That material is what the fact-finder actually uses to make a decision.

    Summary judgment motions usually occur at the close of discovery, so much of the evidence is already available, but to the extent it is possible to get more evidence, that is generally not prohibited, although trying to pull out "gotcha" witnesses and evidence at the last minute is disfavored even in the cases where it is not actually against the rules.
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  26. YouSeeNothing Member

    Excellent. Thank you, guise.
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  27. Anonymous Member

    Sorry, that was not dumbed down enough for me ... Ken Moxen
  28. Anonymous Member

    As well as the summary of the appeal briefs I posted on Friday,
    a few hours before the oral arguments actually started, I wrote
    a summary of the facts of the facts of the case -- and the tortuous
    litigation surrounding it, earlier this year. You can find it here:

    http://infinitecomplacency.blogspot.com/2012/03/brennan-case-goes-to-appeal.html

    I'm a journalist, not an attorney: that dumb enough for you? :)
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  29. Albion Member


    As well as the summary of the appeal briefs I posted on Friday,
    a few hours before the oral arguments actually started, I wrote
    a summary of the facts of the facts of the case -- and the tortuous
    litigation surrounding it, earlier this year. You can find it here:

    http://infinitecomplacency.blogspot.com/2012/03/brennan-case-goes-to-appeal.html

    I'm a journalist, not an attorney: that dumb enough for you? :)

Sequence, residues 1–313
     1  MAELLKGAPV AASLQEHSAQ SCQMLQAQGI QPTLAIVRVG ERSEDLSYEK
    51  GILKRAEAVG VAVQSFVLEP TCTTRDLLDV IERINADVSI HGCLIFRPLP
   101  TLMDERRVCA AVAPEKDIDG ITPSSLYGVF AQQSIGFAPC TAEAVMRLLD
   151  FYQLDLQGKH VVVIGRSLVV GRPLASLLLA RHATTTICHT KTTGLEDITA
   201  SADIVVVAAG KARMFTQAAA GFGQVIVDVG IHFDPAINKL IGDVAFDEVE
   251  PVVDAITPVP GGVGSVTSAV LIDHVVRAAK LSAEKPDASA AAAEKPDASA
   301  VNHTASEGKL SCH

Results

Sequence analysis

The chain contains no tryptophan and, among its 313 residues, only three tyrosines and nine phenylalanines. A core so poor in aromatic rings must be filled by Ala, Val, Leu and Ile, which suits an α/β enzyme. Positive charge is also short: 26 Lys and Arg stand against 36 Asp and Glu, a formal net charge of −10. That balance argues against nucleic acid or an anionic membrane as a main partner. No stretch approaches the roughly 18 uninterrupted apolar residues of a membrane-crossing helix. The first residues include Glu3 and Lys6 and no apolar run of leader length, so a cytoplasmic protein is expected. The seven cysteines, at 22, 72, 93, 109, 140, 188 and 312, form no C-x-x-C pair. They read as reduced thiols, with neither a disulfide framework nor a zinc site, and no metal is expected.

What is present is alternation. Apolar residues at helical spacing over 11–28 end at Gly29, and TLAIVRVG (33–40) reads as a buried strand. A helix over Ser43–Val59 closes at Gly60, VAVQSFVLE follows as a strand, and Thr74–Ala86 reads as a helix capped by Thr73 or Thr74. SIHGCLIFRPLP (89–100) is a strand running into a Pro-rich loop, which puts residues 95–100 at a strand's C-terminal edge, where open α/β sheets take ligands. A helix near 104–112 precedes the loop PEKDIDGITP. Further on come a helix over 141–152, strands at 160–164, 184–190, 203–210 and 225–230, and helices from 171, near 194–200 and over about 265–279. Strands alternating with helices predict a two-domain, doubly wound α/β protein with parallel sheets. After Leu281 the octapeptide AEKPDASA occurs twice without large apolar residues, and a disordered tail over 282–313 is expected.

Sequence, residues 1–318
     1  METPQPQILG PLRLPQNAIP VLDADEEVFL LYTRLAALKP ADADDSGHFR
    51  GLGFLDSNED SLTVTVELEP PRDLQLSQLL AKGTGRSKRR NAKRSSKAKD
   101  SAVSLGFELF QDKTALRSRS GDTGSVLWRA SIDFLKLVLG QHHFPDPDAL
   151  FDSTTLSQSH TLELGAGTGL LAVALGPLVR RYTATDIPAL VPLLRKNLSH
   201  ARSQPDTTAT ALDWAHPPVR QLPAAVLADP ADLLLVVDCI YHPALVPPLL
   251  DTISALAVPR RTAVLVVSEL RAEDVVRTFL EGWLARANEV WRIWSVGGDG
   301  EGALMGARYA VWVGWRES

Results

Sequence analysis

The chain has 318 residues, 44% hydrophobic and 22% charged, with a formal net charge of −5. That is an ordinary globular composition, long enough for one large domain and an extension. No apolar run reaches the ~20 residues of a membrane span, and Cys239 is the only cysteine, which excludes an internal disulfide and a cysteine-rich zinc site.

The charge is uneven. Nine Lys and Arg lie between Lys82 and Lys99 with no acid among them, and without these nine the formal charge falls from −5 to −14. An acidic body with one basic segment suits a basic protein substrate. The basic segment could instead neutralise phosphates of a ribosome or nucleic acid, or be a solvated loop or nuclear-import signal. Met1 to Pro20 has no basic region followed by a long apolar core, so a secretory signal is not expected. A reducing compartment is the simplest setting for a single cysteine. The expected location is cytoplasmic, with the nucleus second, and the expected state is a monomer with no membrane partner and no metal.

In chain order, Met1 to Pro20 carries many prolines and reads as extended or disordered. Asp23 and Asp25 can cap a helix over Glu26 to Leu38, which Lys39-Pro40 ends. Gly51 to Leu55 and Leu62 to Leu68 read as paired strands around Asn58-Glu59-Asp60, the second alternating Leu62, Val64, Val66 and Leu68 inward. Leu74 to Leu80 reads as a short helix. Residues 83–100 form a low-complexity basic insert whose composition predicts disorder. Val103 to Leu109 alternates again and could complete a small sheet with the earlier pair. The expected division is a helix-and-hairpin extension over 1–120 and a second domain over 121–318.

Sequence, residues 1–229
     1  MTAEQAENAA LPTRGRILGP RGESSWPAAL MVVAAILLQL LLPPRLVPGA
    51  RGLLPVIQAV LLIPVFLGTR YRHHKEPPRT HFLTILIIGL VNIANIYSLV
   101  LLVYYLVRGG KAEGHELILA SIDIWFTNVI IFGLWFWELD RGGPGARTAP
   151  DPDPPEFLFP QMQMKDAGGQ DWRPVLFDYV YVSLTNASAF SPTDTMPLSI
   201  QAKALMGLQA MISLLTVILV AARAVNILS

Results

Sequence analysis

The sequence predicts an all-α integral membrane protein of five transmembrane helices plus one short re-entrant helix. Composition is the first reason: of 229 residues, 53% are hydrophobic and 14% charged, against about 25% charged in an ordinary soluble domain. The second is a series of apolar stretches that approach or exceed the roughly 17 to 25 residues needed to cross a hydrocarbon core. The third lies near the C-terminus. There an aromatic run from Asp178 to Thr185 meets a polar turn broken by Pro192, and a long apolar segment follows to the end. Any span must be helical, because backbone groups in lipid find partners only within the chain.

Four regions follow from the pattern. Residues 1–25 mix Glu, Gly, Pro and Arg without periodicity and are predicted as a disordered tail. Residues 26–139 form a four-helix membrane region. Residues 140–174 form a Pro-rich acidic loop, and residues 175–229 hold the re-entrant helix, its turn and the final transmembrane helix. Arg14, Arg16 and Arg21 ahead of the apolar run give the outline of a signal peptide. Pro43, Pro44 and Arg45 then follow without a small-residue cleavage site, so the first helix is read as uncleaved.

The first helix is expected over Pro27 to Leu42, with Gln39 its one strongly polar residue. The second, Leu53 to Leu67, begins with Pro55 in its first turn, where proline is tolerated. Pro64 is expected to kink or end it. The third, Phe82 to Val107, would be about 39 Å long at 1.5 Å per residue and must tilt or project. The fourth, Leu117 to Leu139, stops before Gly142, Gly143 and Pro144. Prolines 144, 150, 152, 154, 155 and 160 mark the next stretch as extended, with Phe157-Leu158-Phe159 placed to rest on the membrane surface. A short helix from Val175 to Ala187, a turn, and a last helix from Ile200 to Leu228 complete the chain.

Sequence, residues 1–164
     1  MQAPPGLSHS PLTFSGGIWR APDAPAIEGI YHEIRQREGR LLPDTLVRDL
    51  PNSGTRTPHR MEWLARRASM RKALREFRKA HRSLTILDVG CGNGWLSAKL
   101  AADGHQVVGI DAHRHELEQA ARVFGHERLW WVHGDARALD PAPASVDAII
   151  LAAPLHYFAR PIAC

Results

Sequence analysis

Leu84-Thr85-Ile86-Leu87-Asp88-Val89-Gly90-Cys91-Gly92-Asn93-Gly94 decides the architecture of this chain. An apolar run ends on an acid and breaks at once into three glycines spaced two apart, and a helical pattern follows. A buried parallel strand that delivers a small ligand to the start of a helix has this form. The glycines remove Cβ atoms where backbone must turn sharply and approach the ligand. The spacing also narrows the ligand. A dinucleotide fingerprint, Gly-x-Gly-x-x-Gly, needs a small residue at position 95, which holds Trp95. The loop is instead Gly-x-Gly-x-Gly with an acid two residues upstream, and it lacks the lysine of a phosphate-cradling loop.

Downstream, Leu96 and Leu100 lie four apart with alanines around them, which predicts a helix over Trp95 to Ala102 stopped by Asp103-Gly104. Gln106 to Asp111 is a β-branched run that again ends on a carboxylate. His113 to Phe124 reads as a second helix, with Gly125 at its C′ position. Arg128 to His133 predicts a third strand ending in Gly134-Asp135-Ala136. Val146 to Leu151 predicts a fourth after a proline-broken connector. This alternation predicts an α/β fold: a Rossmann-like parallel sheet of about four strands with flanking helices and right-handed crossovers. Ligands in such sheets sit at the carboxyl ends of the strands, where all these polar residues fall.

(Okay, that was really dumb: wasn't meant to be anonymous.)

    Jonny Jacobsen
    Infinite Complacency
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  30. muldrake Member

    I recommend all these posts, which are very useful even if you actually have read the appeals briefs.
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  31. YouSeeNothing Member

    In regards to Duty of Care, I understand both lawyers claimed there's nothing on the books and I wanted to understand it more fully. I started with Wikipedia, which states:

    http://en.wikipedia.org/wiki/Duty_of_care

    Could someone elaborate on this "simple" statement? For example, who/what parties does Duty of Care apply? Can the Good Samaritan Act be applied to this case? I understand that the law protects good samaritans, but I found this"
    http://www.cprinstructor.com/FL-GS.htm

    EDIT:
    In regards to parent-child, does the law specify age, or whether or not the child is an adult?
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  32. YouSeeNothing Member

    So nauseating, knowing what we do about the case, that we have to move forward with the assumption that Kyle took his own life.

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  33. Anonymous Member

    Well after reading some of the writing it appears you had a 20yr old in a fragile emotional state on an SSRI Lexapro. Whom after having been involved in a traumatic incident while on vacation he went to visit his father.

    Rather than the father helping the child he only compounded the trauma using his authoritarian domination over the young man forcing him to move in with him.

    The parent with whom the 20yr old resided firmly stated that the young man should stay on medication and the young man had stated his wish to do the same. It is totally irresponsible to immediately stop taking this SSRI's without a withdrawal taper that should have been managed by a medical professional.

    Knowing that his child Kyle was going through an emotional episode and had suffered from previous mental health issues the father was fully aware of his son's state of mind. As well as his being on medication for treating a medically diagnosed issue. This coupled along with the fact that Kyle would have known of his fathers propensity to have firearms at his residence is quite troubling.

    I hope myself that a jury will be allowed to hear this case as I believe should have occurred in the first place.

    I firmly believe that YouSeeNothing wishes a jury would get the case to it's no slight upon you I just wised to jump in with this little rant:)
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  34. muldrake Member

    Editing nested quotes in this thing sucks, so I'm going to forego it.